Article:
Since all costs incurred at a site prior to its acceptance to the BCP are ineligible for tax credits, applicants would incur credit-ineligible costs for performing site investigation work prior to the acceptance of a site in order to meet the amended definition of "brownfield site." Nearly all applicants currently conduct this work, or are required to do so by DEC in the context of the review of their application as set forth at 6 NYCRR 375-3.3(a)(4)(ii), under the original definition. However, following the implementation of the amended statute, every applicant would be required to provide investigatory information sufficient to satisfy DEC's environmental quality standards prior to acceptance into the BCP.

New York City applicants may incur costs to establish the required criteria for TPCs, including costs involved with obtaining a certification that a site would not be developed without substantial government assistance as described in the definition of "underutilized." Should New York City applicants meet the required criteria for TPCs, the costs that are incurred in the application process would be fully or partially offset through tax credits. There may be similar costs to applicants across the rest of the State attempting to increase tax credits through a certification of an affordable housing project.

b. Costs to DEC, State and Local Governments
DEC, State and local governments would not incur additional costs due to the issuance of the revised proposed regulations. DEC costs for BCP application review are ongoing and any changes to DEC's application review process due to revised proposed regulations are expected to be de minimis.

5. Local Government Mandates

This is not a mandate on local governments. Local governments have no additional compliance obligations as compared to other subject entities. Also, no additional monitoring, recordkeeping, reporting, or other requirements would be imposed on local governments under this rule making. To the extent that New York City certifications are required for projects to meet the definitions of underutilized or affordable housing, these certification programs are in place or are developed and implemented at the discretion of the local government. The revised proposed rulemaking also responded to a request by New York City to limit instances where it needed to certify to applications received for "underutilized" properties.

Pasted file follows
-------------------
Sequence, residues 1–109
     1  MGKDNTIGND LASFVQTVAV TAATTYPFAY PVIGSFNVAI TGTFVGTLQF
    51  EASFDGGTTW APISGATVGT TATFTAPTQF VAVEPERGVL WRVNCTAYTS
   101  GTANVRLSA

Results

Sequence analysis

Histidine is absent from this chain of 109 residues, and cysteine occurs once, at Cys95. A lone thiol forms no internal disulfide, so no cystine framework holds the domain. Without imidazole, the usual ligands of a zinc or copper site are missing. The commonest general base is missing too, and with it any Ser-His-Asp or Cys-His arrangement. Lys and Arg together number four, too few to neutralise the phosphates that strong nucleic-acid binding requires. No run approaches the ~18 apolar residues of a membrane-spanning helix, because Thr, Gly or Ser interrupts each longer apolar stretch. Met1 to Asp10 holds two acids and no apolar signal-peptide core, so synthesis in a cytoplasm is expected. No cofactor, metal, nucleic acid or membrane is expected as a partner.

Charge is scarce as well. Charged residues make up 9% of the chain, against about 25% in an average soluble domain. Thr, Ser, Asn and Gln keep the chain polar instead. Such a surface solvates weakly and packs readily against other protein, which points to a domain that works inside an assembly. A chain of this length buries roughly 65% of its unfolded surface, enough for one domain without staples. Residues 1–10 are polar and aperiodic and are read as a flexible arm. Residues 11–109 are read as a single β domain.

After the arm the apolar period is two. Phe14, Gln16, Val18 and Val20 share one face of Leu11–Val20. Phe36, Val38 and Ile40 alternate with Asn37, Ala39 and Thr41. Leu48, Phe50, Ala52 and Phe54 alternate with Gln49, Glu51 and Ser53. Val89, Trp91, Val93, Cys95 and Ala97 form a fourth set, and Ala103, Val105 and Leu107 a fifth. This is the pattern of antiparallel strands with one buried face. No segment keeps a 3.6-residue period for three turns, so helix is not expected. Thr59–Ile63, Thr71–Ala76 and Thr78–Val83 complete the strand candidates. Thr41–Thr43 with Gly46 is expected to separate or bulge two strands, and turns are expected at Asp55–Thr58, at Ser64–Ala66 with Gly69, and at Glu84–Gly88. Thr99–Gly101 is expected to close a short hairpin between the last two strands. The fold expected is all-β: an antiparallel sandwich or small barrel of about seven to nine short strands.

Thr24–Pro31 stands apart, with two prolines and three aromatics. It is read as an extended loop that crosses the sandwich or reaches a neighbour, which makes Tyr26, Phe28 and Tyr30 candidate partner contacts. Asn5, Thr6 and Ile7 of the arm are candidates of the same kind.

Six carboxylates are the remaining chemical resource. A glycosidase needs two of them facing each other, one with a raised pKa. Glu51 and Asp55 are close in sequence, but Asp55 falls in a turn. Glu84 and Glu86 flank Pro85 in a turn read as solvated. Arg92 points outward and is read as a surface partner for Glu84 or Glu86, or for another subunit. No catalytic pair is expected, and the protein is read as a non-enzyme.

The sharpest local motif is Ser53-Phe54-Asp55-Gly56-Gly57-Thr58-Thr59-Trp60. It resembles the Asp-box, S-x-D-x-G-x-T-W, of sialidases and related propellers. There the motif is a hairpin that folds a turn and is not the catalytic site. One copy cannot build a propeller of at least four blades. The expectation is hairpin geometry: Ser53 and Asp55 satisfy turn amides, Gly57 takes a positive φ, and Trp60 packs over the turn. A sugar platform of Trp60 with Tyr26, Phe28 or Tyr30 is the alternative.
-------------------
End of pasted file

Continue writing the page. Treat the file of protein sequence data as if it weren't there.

6. Paperwork

The 2015 amendments to the BCP require environmental investigation data to be submitted with BCP application materials in order to prove status as a "brownfield site." Applications for New York City sites seeking TPCs would need to also include documentation of the proposed eligibility criteria for such credits. The additional information has been added to the application form that is required for entry into the BCP.

7. Duplication

The revised proposed rule making does not duplicate, overlap, or conflict with any other State or federal requirements.

8. Alternatives

DEC was directed by the legislature to propose definitions for "affordable housing project" and "underutilized" in order for the amendments in Part BB of Chapter 56 of Laws of 2015 relative to the BCP to become effective. While conforming the definition of "brownfield site" in the regulations to the law is not statutorily dictated, failure to do so would result in confusion between the statute and existing DEC regulations with potential legal action.

Because of the statutory mandate to define "affordable housing project" and "underutilized" and the need to conform the statutory definition of "brownfield site" to the regulatory definition, there are no other alternatives for this revised proposed rule making.

9. Federal Standards

The revised proposed regulations would not exceed any minimum federal standards.

10. Compliance Schedule

As applicants have had a proposed definition for underutilized since June 2015, and DEC has revised the definition to make it less stringent (which included an additional 30 calendar day public comment period, March 9 - April 8, 2016), applicants to the BCP should be able to comply with the regulations upon adoption.